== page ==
بررسی دوره پس از شکایت با استفاده از تجزیه و تحلیل بقا
|کد مقاله||سال انتشار||مقاله انگلیسی||ترجمه فارسی||تعداد کلمات|
|20879||2005||11 صفحه PDF||سفارش دهید||محاسبه نشده|
Publisher : Elsevier - Science Direct (الزویر - ساینس دایرکت)
Journal : Expert Systems with Applications, Volume 29, Issue 3, October 2005, Pages 667–677
Firms increasingly view each contact with their customers as an opportunity that needs to be managed. The primary purpose of this article is to gain a better understanding of the customers' post-complaint period. Specific focus is placed on the impact of effective complaint handling on actual customer behavior throughout the time, whereas previous research has mainly focused on time-invariant or intentional measures. Survival analysis techniques are used to investigate the longitudinal behavior of complainants after their problem recovery. The proportionality assumption is tested for each explanatory variable under investigation. In addition, the impact for each variable is estimated by means of survival forests. Survival forests enable us to explore the evolution over time of the effects of the covariates under investigation. As such, the impact of each explanatory variable is allowed to change when the experiment evolves over time, in contrast to ‘proportional’ models that restrict these estimates to be stationary. Our research is performed in the context of a financial services provider and analyses the post-complaint periods of 2326 customers. Our findings indicate that (i) it is interesting to consider complainants since they represent a typical and rather active customer segment, (ii) furthermore, it is beneficiary to invest in complaint handling, since these investments are likely to influence customers' future behavior and (iii) survival forests are a helpful tool to investigate the impact of complaint handling on future customer behavior, since its components provide evidence of changing effects over time.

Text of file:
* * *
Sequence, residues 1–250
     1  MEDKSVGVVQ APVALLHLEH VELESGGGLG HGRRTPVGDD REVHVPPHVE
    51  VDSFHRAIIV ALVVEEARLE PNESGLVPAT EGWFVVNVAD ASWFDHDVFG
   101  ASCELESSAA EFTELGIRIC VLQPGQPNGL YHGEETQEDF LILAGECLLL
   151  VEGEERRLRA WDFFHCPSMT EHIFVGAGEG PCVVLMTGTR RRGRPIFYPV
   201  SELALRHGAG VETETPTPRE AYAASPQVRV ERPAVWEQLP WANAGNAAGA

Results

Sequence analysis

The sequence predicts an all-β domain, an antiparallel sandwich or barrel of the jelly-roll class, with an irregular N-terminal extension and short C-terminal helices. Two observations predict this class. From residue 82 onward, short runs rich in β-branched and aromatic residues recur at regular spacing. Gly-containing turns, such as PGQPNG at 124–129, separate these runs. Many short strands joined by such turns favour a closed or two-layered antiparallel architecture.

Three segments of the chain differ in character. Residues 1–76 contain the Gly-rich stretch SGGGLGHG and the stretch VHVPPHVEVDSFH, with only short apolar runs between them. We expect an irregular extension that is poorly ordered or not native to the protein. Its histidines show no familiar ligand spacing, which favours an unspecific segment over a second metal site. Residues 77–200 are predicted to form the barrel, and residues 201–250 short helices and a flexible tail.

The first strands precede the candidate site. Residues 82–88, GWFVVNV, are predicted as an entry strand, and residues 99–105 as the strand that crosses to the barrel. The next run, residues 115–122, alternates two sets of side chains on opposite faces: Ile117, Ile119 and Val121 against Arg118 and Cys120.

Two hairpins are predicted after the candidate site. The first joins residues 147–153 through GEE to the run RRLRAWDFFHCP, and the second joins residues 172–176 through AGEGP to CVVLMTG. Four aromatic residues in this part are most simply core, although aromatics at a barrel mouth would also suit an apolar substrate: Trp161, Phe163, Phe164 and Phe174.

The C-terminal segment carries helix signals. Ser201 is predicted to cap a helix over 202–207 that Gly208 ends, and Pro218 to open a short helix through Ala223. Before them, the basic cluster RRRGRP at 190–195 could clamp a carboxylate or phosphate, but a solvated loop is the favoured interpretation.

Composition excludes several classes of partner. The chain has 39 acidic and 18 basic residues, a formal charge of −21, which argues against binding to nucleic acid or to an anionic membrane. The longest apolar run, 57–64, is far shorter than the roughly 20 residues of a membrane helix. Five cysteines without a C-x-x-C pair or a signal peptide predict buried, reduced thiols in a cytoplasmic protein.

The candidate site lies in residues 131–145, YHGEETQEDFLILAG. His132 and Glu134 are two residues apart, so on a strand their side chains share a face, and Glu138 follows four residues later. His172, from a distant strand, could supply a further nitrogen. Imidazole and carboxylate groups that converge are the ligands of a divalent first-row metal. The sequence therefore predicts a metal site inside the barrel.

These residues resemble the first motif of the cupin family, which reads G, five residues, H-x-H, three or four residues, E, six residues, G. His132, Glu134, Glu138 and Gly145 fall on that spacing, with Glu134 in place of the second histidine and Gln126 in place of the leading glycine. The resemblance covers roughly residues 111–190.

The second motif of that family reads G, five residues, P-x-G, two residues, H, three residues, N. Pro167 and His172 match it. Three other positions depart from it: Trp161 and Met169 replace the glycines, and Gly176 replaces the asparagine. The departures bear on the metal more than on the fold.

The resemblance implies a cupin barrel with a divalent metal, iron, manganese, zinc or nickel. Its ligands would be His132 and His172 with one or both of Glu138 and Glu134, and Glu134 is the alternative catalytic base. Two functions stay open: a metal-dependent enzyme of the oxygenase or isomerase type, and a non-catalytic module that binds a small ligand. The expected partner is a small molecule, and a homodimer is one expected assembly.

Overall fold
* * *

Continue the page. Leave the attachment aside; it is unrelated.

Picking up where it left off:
According to Keaveney (1995), the two major reasons why customers switch service providers are: (1) core service failures and (2) unfavorable service encounters with the company's personnel. When customers face a problem they may respond by exiting (=switching to another provider), loyalty (=staying with the supplier anticipating that ‘things will get better’) or voicing (=complaining to the firm or word-of-mouth to third-parties) (Levesque and McDougall, 1996 and Tax et al., 1998). Unfortunately, it is only the tip of the iceberg that complains to the company (Stephens & Gwinner, 1998) since dissatisfied customers tend to remain passive when experiencing a problem (Bougie, Pieters, & Zeelenberg, 2003). Customers who do not complain to the firm when dissatisfied are of special concern to management for several reasons. First, the company loses the opportunity to rectify the problem (Fornell and Wernerfelt, 1988 and Levesque and McDougall, 1996) and to restore the customer's satisfaction level (Smith, Bolton, & Wagner, 1999). Second, the firm's reputation can be damaged due to the negative word-of-mouth to friends, family or other people external to the customer's social circle, e.g. via newspapers (Bougie et al., 2003; Singh, 1988) which might result in the loss of prospects as well as current customers (Stephens & Gwinner, 1998). Third, the firm is deprived of valuable information about its products and services (Fornell & Wernerfelt, 1987) that is likely to improve the bottom-line performance and to prevent similar problems in the near future. On the other hand, customers who complain and receive a proper response to their service failures are more likely to stay (e.g. Conlon & Murray, 1996), to buy new products (e.g. Maxham III & Netemeyer, 2003), to pay price premiums (e.g. Zeithaml, Berry, & Parasuraman, 1996), to engage in favorable word-of-mouth and to recommend the company's services to others (e.g. Maxham, 2001 and Maxham and Netemeyer, 2002). Furthermore, they show higher share-of-wallet behavior (e.g. Bowman & Narayandas, 2001) as well as higher commitment and trust towards the company (e.g. Tax et al., 1998). Finally, they are less vulnerable to switch (e.g. Bougie et al., 2003) and less likely to spread negative word-of-mouth to friends (e.g. Blodgett, Granbois, & Walters, 1993), or third-parties, such as other customers (e.g. Zeithaml et al., 1996). In sum, there is overwhelming evidence from previous research that successful complaint handling results in favorable customer outcomes. Additionally, in their study Fornell and Wernerfelt (1988) state that the return on investment in complaint management is likely to reach a 400 percent level. When considering the consumer complaint behavior (CCB) literature, Stephens and Gwinner (1998) argue that much of the research is dominated by studies trying to understand why customers complain. In their paper, they provide an exhaustive list of investigated antecedents, including individual characteristics, attitudes, situational factors, the cost of complaining, etc. It is only since the last decade that literature has caught up by investigating the consequences of complaint handling (cf. previous paragraph). However, current knowledge is limited in providing insights regarding behavioral intentions or self-reported actual behavior measures resulting from critical incident technique studies in which the respondents are requested to think about their latest service switch (e.g. Keaveney, 1995). As is well known, data on actual behavior are often unavailable. Generally, the only data available are the self-reported intentions of the individuals who completed a post-complaint questionnaire. Nevertheless, many authors argue that intentions are not always translated into subsequent behavior, since respondents typically do not have perfect information about changes that may occur in the future that may affect their behavior (Young, DeSarbo, & Morwitz, 1998). Unlike previous research, we investigate the impact of complaint handling on customers' actual behavior instead of intended behavior (=perceptual information). As a consequence, our research setting implies the need to link complaint data with complainants' behavioral information that is stored in transactional databases. In this study, we decided to investigate the complainants ‘next-buy’ decision. We believe that an effective purchase reflects actual retention behavior (Larivière & Van den Poel, 2004). In contrast to the studies that have investigated intended repeat purchasing behavior by questioning items such as ‘In the near future, I intend to buy new products’, we consider an actual product opening as a real and executed consequence of such an intention. The variable ‘next-buy’ expresses whether the customer has bought a new product during the observed period of analysis. The variable is operationalized as a time-varying dependent variable, in which the right-censoring situation is taken into account; that is, customers who have not bought a new product by the end of the observed period of analysis might do so in the future (that is, right-censoring). Furthermore, we explicitly test whether the impact of complaint handling varies over time by means of survival forests, meaning that we allow for changes in the impact of complaint handling components on the customers' next-buy decision. In the context of complaints, it is plausible to assume that some effects, such as receiving compensation, fade out after a while. As such, we cannot use conventional ‘proportional’ models that assume stationary effects of the covariates throughout the observed window of observation. In sum, we contribute to the existing CCB literature by presenting a framework of actual customer behavior in which we account for the right-censoring situation, and we explicitly test for the time-varying impact of explanatory variables by questioning the proportionality assumption. The rest of this paper is organized as follows. In Section 2 we elucidate both the methodological underpinnings of the proportionality assumption and the survival forests technique. In Section 3, we present the data set and the explanatory variables under investigation. The study results and its implications are reported in Section 4. Section 5 concludes the paper and outlines some directions for further research.